The four-part thriller for ITV from acclaimed screenwriter Sophie Petzal.
Hollington Drive focuses on the lives of sisters, Theresa, (Anna Maxwell Martin) and her older headteacher sibling, Helen (Rachael Stirling).
“I wanted to make a show that wasn’t a world away from Blood, but felt bigger and more ambitious tonally. Also, I had always wanted to write about sisters – I have a sister and that relationship is
probably one of the most important in my life. So I started thinking about the idea of a secret kept between sisters who live very close to each other, and then they suspect their children might have been responsible for another child’s death.
“Then they make decisions that have unfolding consequences and nothing is quite as it seems. I started developing that story with my producer, Jonathan Fisher and we would go on endless walks coming up with ideas for how the show could twist and turn. We both had a good instinct about it. I should say that me and my sister have a very different relationship to Helen and Theresa! But, of course, you take things fromyour own experiences all the time, things like childhood dynamics that live on into adulthood. I’m obsessed with family dynamics.” – writer Sophie Petzal
The sisters appear close and their families enjoy spending time together. We open on a warm, balmy evening, barbecue sizzling on the patio, the perfect family setting. The atmosphere is chilled, as they lounge in Theresa and Fraser’s perfectly manicured garden.
Apart from Fraser’s brother Eddie (Ken Nwosu) winding everyone up, there’s hardly a hint of tension, but this is the calm before the storm. When Theresa’s ten-year-old son, Ben (Fraser Holmes) asks to play in the nearby park with his cousin Eva (Amelie Bea Smith), the adults begin to niggle. Fraser is relaxed and is fine for them to go, but this doesn’t help Theresa’s fears of foreboding and growing feelings of anxiety.
As expected the children don’t return on time, and Theresa goes in search. Her suspicions are heightened when she finds the children on the edge of a woodland area and they appear to be fighting. Immediately her instincts tell her something terrible has happened.
Theresa’s partner Fraser will be played by Rhashan Stone and Helen’s partner, David, by Peter McDonald.
“I wanted to be part of the project before I had even read the scripts, because I knew of (writer) Sophie Petzal and her work. I watched a series she wrote called Blood, which I thought was absolutely brilliant. I hadn’t really seen anything like it on TV before. It was really odd, the characters were quite heightened, but it was just exceptional. So, I got in touch with Sophie and her producer, Jonathan Fisher, and asked to work with them. Luckily, they said yes!
“Then I read Hollington Drive and it was great. I was really gripped, I raced through the scripts. Sophie’s really good at not sitting on her laurels, she keeps the narrative going all the time, which is what I really liked about it. She keeps the momentum up, it’s great storytelling. I love thrillers, I hope the audience has a nice night in on the sofa watching it.” – Anna Maxwell Martin
In the first episode on a Summer evening in the seemingly idyllic suburb of Hollington Drive, 10-year-old Alex Boyd is declared missing. Sisters and social pillars within the community, Theresa and Helen, struggle to hold their lives and their families together in the wake of this tragedy. Secrets and lies begin to surface and long held facades falter as grief rips through Hollington Drive.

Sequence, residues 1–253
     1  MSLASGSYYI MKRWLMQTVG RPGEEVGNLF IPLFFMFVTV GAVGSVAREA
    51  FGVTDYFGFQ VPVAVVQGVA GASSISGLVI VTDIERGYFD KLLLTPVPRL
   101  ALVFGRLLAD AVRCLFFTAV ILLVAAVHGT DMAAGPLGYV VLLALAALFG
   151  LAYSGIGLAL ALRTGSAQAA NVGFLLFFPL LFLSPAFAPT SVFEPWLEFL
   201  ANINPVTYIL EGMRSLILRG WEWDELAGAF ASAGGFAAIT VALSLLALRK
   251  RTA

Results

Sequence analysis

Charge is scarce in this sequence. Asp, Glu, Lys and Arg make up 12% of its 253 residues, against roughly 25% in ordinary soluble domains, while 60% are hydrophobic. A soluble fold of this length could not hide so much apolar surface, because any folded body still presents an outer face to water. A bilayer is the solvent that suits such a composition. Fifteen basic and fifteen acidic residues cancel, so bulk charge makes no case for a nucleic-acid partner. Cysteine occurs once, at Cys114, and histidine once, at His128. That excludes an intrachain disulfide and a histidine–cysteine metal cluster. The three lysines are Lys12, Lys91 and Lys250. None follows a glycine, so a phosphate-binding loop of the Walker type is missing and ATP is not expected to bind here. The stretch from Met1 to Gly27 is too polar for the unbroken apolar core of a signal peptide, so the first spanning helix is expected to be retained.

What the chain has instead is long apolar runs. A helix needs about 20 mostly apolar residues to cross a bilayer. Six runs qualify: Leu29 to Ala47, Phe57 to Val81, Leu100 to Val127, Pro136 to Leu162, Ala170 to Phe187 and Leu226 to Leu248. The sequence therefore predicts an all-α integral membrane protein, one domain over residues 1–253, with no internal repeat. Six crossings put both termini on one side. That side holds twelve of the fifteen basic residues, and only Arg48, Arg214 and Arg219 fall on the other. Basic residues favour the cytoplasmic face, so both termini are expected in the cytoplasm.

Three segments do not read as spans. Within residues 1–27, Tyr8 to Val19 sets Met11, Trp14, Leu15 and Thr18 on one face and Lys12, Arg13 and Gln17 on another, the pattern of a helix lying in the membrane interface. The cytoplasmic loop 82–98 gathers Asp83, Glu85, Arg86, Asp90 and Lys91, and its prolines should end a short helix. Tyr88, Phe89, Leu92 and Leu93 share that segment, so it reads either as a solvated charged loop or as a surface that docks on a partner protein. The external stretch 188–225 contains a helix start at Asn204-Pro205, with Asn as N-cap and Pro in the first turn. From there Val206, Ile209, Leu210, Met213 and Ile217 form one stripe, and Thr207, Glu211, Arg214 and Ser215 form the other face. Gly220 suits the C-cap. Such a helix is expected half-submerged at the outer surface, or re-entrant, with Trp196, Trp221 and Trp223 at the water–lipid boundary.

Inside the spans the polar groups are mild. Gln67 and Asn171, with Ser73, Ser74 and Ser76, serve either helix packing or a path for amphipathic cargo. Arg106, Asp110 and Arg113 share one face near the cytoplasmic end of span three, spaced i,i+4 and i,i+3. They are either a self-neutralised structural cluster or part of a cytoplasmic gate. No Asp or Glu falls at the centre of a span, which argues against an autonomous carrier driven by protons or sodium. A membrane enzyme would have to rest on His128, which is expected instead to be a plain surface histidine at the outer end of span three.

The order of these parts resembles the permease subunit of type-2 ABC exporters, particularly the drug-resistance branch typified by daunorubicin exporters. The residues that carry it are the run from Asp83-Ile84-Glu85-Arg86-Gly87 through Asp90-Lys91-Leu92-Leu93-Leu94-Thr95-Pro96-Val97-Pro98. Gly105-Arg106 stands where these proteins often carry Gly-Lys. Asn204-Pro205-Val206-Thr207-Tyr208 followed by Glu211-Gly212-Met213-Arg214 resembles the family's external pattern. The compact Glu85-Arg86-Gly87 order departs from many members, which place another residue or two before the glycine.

Theresa (Anna Maxwell Martin) is concerned about her own son Ben’s increasingly unusual behaviour and darkening mood, and fears that a past traumatic event is finally catching up with them. Her partner, Fraser (Rhashan Stone), tries to assuage her concerns, but as each new detail in the police investigation is announced, Theresa withdraws further still, terrified that Ben may have done something unthinkable.
Next door, school headmistress Helen (Rachael Stirling) is forced to confront the deepening faults within her own household: a listless, disengaged husband (Peter McDonald); a young daughter reeling from shock; and a school full of students and staff, all traumatised by the horror of Alex’s suspicious disappearance. The residents of Hollington Drive are compelled to assist in the search for the missing child, but Theresa fears the worst. Is it possible that her own son was somehow involved in whatever happened to Alex?
“Obviously, Anna and I have worked together before on The Bletchley Circle. But what I really loved about the script was the chance to play out this fascinating relationship between co-dependent sisters. Apart from in long-running soaps we just don’t really see sisters on telly or really examine their relationships. I’ve never had a sister so I’m fascinated in that dynamic.
“Theresa isn’t entirely confident in her own skin, and very much depends upon Helen, who is very organised and controlled. Theresa looks up to her, and then this appalling thing happens, a child goes missing and Theresa is absolutely convinced that her son has something to do with it. The show is about these two sisters coming together to protect their children, and in the end it’s about the fact that there’s no length to which a mother won’t go to defend her child. It’s interesting because both sisters have only got one child, so they have a very intense relationship with each other but also intense relationships with their children. It’s an interesting family portrait.” – Rachael Stirling
Hollington Drive is on ITV, Wednesday 29th September at 9pm.